As president of the International Paralympic Committee and a former British Paralympian myself, I'm delighted that the Paralympic Games will be coming home to Great Britain in a year's time.
The Paralympic movement began in Britain in 1948 with the first National Games at Stoke Mandeville - the brainchild of Sir Ludwig Guttmann - and that led to the first Paralympics in Rome in 1960.
If you look at the progress that has been made over previous Games, highlighted by Beijing in 2008, which was the most amazing experience of my life, this is a great opportunity to build on that and learn from it to bring it back to the country where it all started.
Spectators coming along to the London Paralympics can expect an incredible Games with incredible athletes and great sport on a par with the Olympics, and I would encourage as many people as possible to get tickets.
There will be more athletes than ever competing - 4,200 from 150 countries, including 300 from Great Britain - and for both athletes and spectators it is going to be a unique opportunity to be part of a massive global event.
I competed at five Paralympic Games from 1972 to 1988 in wheelchair basketball and also in swimming in 1972, before becoming an administrator.
There have been many stand-out events and, despite the successes of Sydney in 2000 and Beijing eight years later - and indeed all of the other Games - for me the one which made the biggest difference to the Paralympic movement was Barcelona in 1992.
It was the Olympics after I retired and I was a technical delegate for wheelchair basketball. At previous Games there had been maybe around 1,000 spectators watching our matches, including in 1984 at Stoke Mandeville, but in Barcelona there were 12,500 people there, which was an incredible experience for the players, and when you add in the increased media coverage the Games received, I knew then that Paralympic sport had a big future.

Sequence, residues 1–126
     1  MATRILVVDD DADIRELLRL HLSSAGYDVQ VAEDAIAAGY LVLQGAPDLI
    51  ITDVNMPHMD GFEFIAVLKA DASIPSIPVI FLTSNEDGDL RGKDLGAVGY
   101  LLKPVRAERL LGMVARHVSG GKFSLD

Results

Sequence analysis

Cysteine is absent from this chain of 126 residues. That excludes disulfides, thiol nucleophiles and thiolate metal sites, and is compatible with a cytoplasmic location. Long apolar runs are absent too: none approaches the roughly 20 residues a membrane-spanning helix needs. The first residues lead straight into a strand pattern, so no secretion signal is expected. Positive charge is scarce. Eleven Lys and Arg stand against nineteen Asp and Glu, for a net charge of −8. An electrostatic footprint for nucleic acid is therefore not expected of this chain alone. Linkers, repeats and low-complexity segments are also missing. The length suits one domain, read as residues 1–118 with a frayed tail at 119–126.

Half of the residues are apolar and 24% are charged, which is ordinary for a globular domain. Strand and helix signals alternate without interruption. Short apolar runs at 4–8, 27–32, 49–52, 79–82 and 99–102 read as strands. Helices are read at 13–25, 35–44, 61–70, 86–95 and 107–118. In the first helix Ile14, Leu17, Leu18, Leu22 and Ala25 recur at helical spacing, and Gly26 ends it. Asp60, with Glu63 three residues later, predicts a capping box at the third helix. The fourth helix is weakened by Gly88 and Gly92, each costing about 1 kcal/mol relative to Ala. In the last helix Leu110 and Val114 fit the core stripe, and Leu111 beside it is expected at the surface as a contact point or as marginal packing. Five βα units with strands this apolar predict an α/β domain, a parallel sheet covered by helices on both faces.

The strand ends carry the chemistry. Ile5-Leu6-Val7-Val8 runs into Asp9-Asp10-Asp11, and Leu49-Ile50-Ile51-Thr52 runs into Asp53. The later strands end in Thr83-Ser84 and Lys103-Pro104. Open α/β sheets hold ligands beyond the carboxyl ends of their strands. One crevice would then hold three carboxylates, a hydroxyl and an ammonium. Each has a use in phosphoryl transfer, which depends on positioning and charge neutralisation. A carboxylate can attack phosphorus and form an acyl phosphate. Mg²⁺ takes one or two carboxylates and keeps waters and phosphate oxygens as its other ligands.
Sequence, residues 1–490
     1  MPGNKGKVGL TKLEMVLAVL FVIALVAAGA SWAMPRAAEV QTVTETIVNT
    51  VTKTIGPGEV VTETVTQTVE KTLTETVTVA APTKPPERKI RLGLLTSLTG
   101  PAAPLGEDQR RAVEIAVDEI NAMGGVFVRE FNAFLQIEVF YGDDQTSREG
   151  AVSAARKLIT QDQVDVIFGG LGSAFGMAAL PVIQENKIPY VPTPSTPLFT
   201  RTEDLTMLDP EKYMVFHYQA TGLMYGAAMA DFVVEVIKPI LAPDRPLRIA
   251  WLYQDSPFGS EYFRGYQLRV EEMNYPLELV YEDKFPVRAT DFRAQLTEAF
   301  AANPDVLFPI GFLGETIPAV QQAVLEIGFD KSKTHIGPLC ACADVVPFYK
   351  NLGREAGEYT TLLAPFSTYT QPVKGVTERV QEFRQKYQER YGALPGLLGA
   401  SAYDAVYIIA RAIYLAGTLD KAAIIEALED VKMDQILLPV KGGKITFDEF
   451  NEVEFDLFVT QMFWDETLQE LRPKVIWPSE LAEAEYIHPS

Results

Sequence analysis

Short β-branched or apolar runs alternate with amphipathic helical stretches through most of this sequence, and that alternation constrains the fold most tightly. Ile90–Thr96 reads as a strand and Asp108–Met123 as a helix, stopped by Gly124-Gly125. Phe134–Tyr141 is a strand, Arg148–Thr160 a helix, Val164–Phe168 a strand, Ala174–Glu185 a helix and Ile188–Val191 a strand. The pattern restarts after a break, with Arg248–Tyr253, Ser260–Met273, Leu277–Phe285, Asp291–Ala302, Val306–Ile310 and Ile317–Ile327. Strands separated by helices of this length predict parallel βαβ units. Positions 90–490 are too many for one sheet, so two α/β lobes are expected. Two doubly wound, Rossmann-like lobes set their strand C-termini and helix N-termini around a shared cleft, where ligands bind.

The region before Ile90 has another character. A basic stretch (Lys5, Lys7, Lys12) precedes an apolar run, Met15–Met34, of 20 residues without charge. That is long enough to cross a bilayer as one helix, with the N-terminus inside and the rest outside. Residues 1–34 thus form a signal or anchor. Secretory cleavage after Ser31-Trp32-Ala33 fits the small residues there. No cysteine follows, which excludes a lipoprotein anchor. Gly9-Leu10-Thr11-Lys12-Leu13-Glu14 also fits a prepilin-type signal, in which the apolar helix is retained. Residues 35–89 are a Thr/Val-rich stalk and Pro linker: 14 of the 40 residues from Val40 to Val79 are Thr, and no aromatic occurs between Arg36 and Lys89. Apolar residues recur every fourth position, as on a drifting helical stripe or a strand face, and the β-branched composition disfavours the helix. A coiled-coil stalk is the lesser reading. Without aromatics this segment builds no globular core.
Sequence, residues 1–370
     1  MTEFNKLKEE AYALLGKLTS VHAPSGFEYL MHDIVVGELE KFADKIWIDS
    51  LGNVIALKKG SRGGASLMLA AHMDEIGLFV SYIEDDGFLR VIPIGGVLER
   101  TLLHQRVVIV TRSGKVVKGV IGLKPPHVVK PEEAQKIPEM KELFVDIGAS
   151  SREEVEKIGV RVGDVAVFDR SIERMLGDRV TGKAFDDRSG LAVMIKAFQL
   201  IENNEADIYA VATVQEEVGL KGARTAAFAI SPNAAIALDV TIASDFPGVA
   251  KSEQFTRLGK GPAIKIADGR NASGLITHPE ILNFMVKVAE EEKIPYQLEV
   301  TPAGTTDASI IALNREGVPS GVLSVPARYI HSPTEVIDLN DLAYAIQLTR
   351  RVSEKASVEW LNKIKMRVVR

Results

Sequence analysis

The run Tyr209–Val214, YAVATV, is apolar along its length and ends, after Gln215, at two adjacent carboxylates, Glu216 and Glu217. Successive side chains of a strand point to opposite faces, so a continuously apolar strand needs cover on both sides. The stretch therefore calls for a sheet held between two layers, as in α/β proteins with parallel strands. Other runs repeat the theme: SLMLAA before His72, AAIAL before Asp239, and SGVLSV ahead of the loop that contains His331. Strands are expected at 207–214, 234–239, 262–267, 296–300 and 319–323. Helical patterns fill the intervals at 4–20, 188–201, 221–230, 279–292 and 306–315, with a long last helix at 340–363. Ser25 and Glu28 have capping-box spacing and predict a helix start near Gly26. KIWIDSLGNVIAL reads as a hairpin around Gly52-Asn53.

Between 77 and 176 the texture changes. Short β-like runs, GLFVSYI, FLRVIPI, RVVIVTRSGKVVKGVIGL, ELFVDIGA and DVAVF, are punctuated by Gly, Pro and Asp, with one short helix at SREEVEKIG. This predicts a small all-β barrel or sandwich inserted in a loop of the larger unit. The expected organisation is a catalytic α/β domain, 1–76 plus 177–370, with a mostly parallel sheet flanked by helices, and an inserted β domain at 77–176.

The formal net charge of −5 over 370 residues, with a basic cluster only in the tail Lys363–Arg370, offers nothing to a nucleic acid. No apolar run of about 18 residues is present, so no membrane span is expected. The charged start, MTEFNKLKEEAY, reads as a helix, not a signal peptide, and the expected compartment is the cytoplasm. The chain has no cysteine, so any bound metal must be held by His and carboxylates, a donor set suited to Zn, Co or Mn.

I would love to have competed in front of that sort of a crowd in Barcelona - and we had more watching in Sydney and Beijing.
However, I'm not at all envious of those British athletes who are getting ready to compete in front of their home crowds in sell-out venues at the 2012 Games. I had a fantastic career in one of the best sports in the world and I am still there as part of the Games.
I became IPC president in 2001 and I'm very proud to have that role for a home Games and particularly proud when Britain wins a gold medal.
I remember watching some cycling in Beijing along with the IPC vice-president, who is Spanish, and another Australian vice president, and we were fervently cheering on our respective nations because that is part of sport.
Since I've been president, the Paralympics has never been overshadowed by the Olympics. It is important for an organising committee to devote enough time and personnel to organise a tremendous Paralympics and, as director of Paralympic Integration at Locog, Chris Holmes is doing a great job to ensure that happens.
In the past, some organising committees maybe concentrated more on the Olympics, but London was committed to the Paralympics from before the bidding process and is excited about the task at hand, even though Beijing set a high benchmark.
You can feel in the air whether a Paralympic Games is successful or not. There will be a great number of spectators having a great time and there is no reason why London shouldn't build on past successes and be the best Games yet.
Sir Philip Craven was speaking to BBC Sport's Elizabeth Hudson